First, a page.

In many states, family courts consider the child’s emotional connection with each parent, giving preference to those who cared most for the child during the marriage. Recent psychological developments have emphasized the importance of maintaining interaction with a more caring parent. The findings determined it influences the extent of successful socialization, including physical and mental conditions.
How to draft a custody agreement?
A joint voluntary agreement about custody is always better than a court decision, which may inadvertently infringe on one of the parties’ interests. That is why many divorcing parents conclude a settlement agreement where they determine custody arrangements and a visitation schedule. Besides, the court is also interested in such an outcome and obliged to take full measures to encourage this agreement.
A divorced couple can reach an agreement in two forms:
- Written — in each state, there are particular forms for a parental plan in uncontested divorces, which are prepared in several copies and then attached to the case.
- Verbal — during a trial, it is necessary to make a joint oral statement about the readiness to conclude an amicable agreement. After that:
- the court adjourns the session and gives the parties time to draw up the document;
- a verbal agreement of the parties is immediately drawn up in a protocol without creating a separate form.
The settlement agreement’s legality and its content are subject to mandatory verification by the court for its approval.
The document must reflect:
- Determination of the child’s place of residence (physical custody arrangements);
- The procedure for a child’s communication with a non-custodial parent (detailed meeting schedule, participation in education, decisions on medical treatment, upbringing, etc.);
- The parents’ financial obligations (determine the amount of financial support for basic needs and medical costs).
A considerable change in any parent’s living conditions or circumstances can be a reason to adjust custody arrangements.
What if you live in another city?
When a family suffers a breakdown, ex-spouses have to resolve several issues, including which parent the child will live, communication plans with the other parent, which parent will be responsible for everyday decisions, etc.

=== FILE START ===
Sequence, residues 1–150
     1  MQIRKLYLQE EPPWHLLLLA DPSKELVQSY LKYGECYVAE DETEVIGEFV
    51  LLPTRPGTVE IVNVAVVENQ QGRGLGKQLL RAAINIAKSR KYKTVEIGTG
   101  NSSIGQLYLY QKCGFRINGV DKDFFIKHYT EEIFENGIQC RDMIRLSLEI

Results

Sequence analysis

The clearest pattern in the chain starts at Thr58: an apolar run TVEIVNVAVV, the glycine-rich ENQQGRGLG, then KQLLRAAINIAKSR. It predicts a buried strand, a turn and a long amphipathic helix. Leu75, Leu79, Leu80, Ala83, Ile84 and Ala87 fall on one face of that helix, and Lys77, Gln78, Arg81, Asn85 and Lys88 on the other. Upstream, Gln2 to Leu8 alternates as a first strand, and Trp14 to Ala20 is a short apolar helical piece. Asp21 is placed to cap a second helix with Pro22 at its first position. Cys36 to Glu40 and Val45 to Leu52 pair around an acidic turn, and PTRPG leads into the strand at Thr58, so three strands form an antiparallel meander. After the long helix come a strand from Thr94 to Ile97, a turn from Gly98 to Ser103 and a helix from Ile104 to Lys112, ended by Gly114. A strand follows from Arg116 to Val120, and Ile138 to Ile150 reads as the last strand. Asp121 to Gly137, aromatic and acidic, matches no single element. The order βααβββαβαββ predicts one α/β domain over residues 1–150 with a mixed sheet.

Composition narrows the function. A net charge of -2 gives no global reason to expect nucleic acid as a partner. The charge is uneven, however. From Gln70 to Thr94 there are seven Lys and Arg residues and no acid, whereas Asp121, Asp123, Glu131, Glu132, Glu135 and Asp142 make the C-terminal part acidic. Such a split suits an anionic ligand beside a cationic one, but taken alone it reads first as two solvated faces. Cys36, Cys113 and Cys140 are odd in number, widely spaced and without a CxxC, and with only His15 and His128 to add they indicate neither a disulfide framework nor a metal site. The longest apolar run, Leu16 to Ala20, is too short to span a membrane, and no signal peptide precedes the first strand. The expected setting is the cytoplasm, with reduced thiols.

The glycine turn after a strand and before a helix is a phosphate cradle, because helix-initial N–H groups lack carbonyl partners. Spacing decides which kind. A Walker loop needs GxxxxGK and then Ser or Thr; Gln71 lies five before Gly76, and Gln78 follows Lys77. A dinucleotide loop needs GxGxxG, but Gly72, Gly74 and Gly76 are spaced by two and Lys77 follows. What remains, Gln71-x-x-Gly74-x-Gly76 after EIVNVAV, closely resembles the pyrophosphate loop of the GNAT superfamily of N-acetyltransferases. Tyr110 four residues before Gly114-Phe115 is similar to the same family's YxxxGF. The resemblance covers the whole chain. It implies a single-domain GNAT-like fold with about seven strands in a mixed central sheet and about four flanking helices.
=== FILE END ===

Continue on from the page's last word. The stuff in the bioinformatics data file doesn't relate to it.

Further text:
According to the law, a non-custodial parent can communicate with the child, participate in the upbringing, and keep an eye on their well-being (in joint legal custody). The custodial parent should not interfere with the child’s communication with the other parent.
Determining the place of communication becomes an issue when the ex-spouses live in different cities. Therefore, they need to decide in advance on a meeting schedule and where they will be held.
Keep in mind that if a non-custodial parent lives in another city, it is most likely that communication will be possible only on weekends and during vacation time because of the child’s daily routine includes school and after-school activities.
The parent can also talk with the child by phone, Skype, or other Internet resources and social networks. Currently, there are countless ways for continual communication via various applications. The main idea is for the child always to feel support, attention, and care.
The issue of child custody arises when parents get divorced. Trying to develop fair and equal guardianship can be challenging for both parents and children. When resolving custody disputes, one should be guided by common sense and the desire to create favorable conditions for your kids rather than by emotions of hostility towards the ex-spouse. In this case, compromising and sacrificing one’s pride is the only way to soften the shock of divorce.